Lena lived with Ashley and Todd for about a month before being moved to Hospice. During that time she required 24-hour adult supervision and need to be reminded frequently that time was running short for her. The decision to move her to Hospice care was extremely difficult, but necessary. Ashley and Todd didn’t want Sam and Megan to have to witness the last weeks of their mother’s life. They were warned that it would be unpleasant, and that was certainly accurate with her body literally deteriorating more each day. They wanted their friend, cousin, and mother of their girls to receive the best care possible during this time. Seventeen days later, Lena passed away with Ashley by her side.

“The month of September 2014 was the hardest month of my entire life. Having to explain to two children that their Mom was in fact dying, having to explain it to Lena herself, having to tell them all we were moving her to hospice, being with Lena as she passed, having to tell the girls that their Mom was gone, going through the funeral, trying to gage both girls and their reactions/emotions (which were entirely different reactions given their age difference). Every time I thought or said, ‘That was the hardest conversation I’ve ever had,’ the next conversation was harder yet.”

And now, months after that incredibly difficult time, Ashley and Todd are still in the process of adopting the girls. There’s a lot of paperwork that has to be filled out and filed before it is official. I asked Ashley what she’s done for her own mental health throughout this whole situation. She answered simply, “I talk to all the people closest to me. My mom, Todd, my best friend. It’s constant communication that keeps me sane.” It’s that same communication that has allowed her and Todd to bond with Sam and Megan, who are adjusting well and feeling comfortable in their new home.

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Sam is a senior in high school this year and enjoying it, even though, or possibly because, it’s a new school. In the past years she was the main caregiver at home, parenting her sister, contacting doctors and the insurance company, etc. And at school she was bullied and alone. Ashley helped Sam understand that she could be anyone with this new opportunity. She could simply, “act confident and friendly and just go for it.” And she did. She’s getting involved, playing sports, and made the honor roll for the first time. She’s open about her emotions and talks easily with Ashley. She even admitted to liking the rules set in her new home. What a pleasant surprise for her new parents!

Megan is in third grade and bottles her emotions a bit more. Her concern is always for others first. Ashley and Todd are giving her space to process her emotions but also inquire frequently about how she is. They encourage her to talk with them about all the things she’s had to adapt to lately. And she is successfully adapting! Megan is in several clubs and activities and loves playing outside. Sometimes she calls Todd “Pops” and cuddles with him. Through all of this, Megan has managed to keep her easy smile and plenty of 9-year-old sparkle!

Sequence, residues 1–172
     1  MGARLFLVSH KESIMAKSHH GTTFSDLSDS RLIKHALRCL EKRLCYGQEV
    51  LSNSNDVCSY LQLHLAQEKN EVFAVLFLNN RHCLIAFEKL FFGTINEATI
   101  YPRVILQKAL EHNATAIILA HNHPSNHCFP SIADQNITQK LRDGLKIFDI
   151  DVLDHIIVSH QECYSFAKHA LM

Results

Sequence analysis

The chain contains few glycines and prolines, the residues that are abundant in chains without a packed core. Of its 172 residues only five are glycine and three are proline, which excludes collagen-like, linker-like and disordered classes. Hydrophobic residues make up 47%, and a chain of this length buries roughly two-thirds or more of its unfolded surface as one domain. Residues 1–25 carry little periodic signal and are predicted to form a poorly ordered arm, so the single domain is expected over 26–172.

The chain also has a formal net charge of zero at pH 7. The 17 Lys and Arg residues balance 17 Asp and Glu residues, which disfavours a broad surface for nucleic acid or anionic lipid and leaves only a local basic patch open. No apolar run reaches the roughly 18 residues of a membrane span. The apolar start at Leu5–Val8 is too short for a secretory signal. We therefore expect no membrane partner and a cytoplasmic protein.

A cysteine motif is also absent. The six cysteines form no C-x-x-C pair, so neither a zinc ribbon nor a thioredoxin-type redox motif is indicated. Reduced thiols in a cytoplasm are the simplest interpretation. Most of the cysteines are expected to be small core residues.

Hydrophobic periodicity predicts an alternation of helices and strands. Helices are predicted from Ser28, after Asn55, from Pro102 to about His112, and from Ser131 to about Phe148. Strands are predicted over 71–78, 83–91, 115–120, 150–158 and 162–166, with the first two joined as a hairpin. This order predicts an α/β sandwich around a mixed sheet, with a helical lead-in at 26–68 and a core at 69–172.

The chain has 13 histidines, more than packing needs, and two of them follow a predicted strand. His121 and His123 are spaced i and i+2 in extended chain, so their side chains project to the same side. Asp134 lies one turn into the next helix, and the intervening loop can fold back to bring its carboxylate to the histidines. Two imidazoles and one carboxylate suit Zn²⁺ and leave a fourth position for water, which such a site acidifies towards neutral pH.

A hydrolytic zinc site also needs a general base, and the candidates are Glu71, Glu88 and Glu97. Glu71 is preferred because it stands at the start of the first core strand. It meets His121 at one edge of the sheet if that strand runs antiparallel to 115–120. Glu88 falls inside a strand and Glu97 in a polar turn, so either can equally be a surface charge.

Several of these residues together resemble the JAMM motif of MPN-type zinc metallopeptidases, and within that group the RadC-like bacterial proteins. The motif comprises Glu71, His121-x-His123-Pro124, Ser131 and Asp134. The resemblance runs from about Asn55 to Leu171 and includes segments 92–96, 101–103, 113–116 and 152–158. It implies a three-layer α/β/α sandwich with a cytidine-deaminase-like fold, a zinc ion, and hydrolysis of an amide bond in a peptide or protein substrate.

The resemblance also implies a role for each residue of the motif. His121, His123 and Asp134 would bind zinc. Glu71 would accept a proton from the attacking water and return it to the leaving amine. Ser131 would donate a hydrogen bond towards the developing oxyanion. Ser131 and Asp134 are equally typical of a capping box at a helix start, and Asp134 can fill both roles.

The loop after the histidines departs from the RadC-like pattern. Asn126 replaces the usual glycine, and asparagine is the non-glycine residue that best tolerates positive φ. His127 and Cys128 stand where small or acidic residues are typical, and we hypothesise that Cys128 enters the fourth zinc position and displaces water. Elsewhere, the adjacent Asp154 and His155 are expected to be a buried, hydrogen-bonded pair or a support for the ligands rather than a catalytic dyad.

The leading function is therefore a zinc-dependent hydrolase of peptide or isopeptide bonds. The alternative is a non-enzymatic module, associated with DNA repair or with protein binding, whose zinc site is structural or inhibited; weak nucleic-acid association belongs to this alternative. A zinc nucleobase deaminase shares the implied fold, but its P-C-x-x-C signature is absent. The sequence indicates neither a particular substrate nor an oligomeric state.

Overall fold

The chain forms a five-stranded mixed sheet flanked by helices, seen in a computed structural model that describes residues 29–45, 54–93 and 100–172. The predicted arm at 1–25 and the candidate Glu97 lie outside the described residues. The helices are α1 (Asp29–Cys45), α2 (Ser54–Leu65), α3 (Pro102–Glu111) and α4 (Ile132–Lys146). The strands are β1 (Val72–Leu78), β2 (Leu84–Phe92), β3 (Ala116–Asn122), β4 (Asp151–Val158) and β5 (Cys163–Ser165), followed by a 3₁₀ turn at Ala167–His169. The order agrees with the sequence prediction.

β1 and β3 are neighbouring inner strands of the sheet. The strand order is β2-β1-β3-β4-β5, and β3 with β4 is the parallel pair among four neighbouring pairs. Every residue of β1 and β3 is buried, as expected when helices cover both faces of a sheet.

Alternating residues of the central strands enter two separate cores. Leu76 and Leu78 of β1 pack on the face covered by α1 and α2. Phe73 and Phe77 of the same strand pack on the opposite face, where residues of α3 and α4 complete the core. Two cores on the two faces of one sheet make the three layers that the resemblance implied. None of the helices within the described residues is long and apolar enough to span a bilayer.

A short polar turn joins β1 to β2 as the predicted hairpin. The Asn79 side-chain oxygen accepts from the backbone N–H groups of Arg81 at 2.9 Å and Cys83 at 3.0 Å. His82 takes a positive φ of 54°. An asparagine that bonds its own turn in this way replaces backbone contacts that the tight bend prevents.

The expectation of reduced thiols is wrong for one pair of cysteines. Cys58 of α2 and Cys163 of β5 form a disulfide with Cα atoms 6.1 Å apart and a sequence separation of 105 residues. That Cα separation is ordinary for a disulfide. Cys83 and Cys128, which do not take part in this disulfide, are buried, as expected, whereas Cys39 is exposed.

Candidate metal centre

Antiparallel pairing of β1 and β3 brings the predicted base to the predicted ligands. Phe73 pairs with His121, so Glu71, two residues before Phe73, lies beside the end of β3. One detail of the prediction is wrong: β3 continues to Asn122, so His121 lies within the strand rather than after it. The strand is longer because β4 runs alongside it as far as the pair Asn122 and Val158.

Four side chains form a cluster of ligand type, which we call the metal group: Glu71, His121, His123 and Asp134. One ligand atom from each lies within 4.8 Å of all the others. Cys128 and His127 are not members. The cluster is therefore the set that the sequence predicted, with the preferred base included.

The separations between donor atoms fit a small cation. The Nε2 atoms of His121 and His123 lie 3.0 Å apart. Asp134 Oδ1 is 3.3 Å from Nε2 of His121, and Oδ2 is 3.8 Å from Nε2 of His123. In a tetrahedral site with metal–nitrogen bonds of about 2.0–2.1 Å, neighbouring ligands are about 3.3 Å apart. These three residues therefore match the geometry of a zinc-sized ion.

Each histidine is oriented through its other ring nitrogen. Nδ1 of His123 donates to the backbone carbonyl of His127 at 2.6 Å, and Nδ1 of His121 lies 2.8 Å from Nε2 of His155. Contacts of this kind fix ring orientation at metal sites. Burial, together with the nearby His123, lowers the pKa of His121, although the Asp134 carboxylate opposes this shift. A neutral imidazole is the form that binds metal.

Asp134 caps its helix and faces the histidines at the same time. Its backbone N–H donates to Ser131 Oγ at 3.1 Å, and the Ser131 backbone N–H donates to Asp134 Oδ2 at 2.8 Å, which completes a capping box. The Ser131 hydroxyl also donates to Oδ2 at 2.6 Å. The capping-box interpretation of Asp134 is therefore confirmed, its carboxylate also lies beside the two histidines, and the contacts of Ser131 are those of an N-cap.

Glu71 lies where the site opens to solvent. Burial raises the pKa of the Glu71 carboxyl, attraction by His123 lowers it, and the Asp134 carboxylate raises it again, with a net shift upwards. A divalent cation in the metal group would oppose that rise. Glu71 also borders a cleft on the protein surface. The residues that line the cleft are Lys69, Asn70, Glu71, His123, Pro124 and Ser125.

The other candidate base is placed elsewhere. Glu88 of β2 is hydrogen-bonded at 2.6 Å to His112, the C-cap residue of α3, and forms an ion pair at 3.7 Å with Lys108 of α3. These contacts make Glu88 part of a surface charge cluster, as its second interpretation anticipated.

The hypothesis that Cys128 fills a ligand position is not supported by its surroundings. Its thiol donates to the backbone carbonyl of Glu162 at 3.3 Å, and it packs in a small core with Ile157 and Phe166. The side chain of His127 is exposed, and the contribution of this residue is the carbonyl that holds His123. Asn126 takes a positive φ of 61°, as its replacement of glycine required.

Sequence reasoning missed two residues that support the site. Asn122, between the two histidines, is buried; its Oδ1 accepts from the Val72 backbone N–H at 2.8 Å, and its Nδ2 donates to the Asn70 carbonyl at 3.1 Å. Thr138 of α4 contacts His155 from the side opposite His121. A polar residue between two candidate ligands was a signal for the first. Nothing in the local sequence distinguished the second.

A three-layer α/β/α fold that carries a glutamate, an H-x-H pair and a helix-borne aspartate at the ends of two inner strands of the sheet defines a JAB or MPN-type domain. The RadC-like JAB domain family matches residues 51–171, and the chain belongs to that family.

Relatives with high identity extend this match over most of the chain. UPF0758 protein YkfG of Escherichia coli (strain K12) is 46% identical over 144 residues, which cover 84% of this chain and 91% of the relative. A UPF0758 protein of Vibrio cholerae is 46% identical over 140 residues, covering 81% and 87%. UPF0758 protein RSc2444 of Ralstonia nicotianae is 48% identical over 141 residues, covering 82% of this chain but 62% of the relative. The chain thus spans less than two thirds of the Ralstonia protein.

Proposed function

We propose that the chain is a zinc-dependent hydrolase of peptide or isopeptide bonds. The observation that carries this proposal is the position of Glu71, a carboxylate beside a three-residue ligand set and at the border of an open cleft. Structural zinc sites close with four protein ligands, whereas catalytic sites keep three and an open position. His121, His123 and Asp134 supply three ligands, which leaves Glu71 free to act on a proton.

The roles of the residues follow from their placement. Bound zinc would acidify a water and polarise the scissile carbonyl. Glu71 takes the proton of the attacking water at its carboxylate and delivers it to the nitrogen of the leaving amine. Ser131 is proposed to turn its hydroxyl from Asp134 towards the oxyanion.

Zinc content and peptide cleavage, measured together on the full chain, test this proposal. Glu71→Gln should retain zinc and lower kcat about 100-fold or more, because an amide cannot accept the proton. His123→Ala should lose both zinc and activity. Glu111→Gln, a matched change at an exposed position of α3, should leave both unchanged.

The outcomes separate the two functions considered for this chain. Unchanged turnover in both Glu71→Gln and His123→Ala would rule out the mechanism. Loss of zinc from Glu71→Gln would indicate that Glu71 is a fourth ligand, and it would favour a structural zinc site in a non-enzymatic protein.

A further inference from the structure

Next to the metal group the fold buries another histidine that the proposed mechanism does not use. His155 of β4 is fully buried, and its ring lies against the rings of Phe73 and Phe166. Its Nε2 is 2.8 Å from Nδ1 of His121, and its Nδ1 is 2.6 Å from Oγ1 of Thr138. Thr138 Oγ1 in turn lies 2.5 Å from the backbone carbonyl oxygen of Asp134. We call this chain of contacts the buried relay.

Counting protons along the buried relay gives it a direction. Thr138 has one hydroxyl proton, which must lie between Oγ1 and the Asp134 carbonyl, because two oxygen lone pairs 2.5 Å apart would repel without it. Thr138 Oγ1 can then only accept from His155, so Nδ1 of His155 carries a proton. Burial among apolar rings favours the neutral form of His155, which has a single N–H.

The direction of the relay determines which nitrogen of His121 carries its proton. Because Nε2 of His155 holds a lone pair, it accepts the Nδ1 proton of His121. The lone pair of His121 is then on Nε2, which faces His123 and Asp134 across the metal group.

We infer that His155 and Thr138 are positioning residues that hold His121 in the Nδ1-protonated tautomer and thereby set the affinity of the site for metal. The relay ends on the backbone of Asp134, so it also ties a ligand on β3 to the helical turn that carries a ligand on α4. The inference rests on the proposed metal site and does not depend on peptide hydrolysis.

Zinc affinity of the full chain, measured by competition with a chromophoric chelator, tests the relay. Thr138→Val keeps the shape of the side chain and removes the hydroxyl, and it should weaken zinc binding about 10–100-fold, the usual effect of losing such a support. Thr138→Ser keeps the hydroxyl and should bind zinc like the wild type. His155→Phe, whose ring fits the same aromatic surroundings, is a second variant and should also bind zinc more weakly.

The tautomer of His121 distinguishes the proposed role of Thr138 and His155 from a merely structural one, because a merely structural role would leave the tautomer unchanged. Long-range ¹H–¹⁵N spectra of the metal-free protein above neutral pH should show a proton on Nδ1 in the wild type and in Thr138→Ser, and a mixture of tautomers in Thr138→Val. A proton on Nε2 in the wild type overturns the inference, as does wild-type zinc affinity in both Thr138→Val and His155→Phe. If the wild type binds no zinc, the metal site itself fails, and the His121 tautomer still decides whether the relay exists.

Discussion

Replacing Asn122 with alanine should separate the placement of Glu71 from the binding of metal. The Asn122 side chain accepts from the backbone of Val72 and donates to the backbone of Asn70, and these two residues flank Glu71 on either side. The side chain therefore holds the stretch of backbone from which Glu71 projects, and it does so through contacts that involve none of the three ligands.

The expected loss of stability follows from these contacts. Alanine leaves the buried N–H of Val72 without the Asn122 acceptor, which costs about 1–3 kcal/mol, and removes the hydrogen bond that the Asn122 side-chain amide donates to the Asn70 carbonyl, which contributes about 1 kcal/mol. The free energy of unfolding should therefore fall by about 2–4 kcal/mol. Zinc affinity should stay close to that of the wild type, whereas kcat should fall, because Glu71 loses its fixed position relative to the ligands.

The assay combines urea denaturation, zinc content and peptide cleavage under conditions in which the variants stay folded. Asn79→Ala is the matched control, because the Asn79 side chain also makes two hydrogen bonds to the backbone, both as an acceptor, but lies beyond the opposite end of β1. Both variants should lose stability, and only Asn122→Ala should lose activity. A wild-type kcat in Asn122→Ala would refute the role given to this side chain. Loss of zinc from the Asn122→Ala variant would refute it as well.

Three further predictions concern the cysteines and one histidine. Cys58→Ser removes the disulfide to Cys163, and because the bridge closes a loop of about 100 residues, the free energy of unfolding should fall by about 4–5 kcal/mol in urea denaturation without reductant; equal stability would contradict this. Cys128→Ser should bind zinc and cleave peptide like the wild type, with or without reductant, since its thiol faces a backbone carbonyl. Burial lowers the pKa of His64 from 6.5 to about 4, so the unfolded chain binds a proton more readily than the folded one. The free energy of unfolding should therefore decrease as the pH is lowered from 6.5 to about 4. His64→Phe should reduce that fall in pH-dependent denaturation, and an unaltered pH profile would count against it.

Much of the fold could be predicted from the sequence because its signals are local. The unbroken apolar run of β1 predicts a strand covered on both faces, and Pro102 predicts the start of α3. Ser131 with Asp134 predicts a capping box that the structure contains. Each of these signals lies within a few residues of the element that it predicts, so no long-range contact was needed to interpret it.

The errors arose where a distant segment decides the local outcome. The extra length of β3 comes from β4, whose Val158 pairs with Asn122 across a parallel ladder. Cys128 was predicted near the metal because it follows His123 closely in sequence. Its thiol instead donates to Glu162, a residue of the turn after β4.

Both girls have a great sense of humor, like Lena had. This has helped fill their home with laughter throughout these difficult months. Even though the circumstances that brought the four of them together were awful, the outcome is a natural fit.

Ashley and Todd still have the possibility of IVF out there. They would still love to raise a baby of their own, but have learned many things in the last year – including that it wasn’t just a baby they were hoping for, it was a family. And they have that now. “I thank my cousin every day for giving me the greatest gift any person could ever give another person.”

See, I told you it would be a wondrous story. Ashley and her family have witnessed and felt the full gamut of emotions – from incredible acts of love to the deepest sorrow. Navigating these waters hasn’t been easy, but by meeting each wave head on, Ashley has provided stability for Todd and the girls. She’s found her strength in those she loves. She’s created family.

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About Annie

I am an occasionally confident, mostly comfortable woman. That hasn't always been the case, but, I have to say, it feels good to be at this place in my life now! As a mother, wife, sister, daughter, and friend I hope to inspire, educate, and grow with all my readers through this blog. I embrace life and strive to find a refreshing glass of lemonade no matter how many lemons life tosses my way. I'm glad you're joining me on this journey. Cheers!
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One Response to Finding a Family

  1. Pingback: Asking Questions for Awareness | Sips of Stillness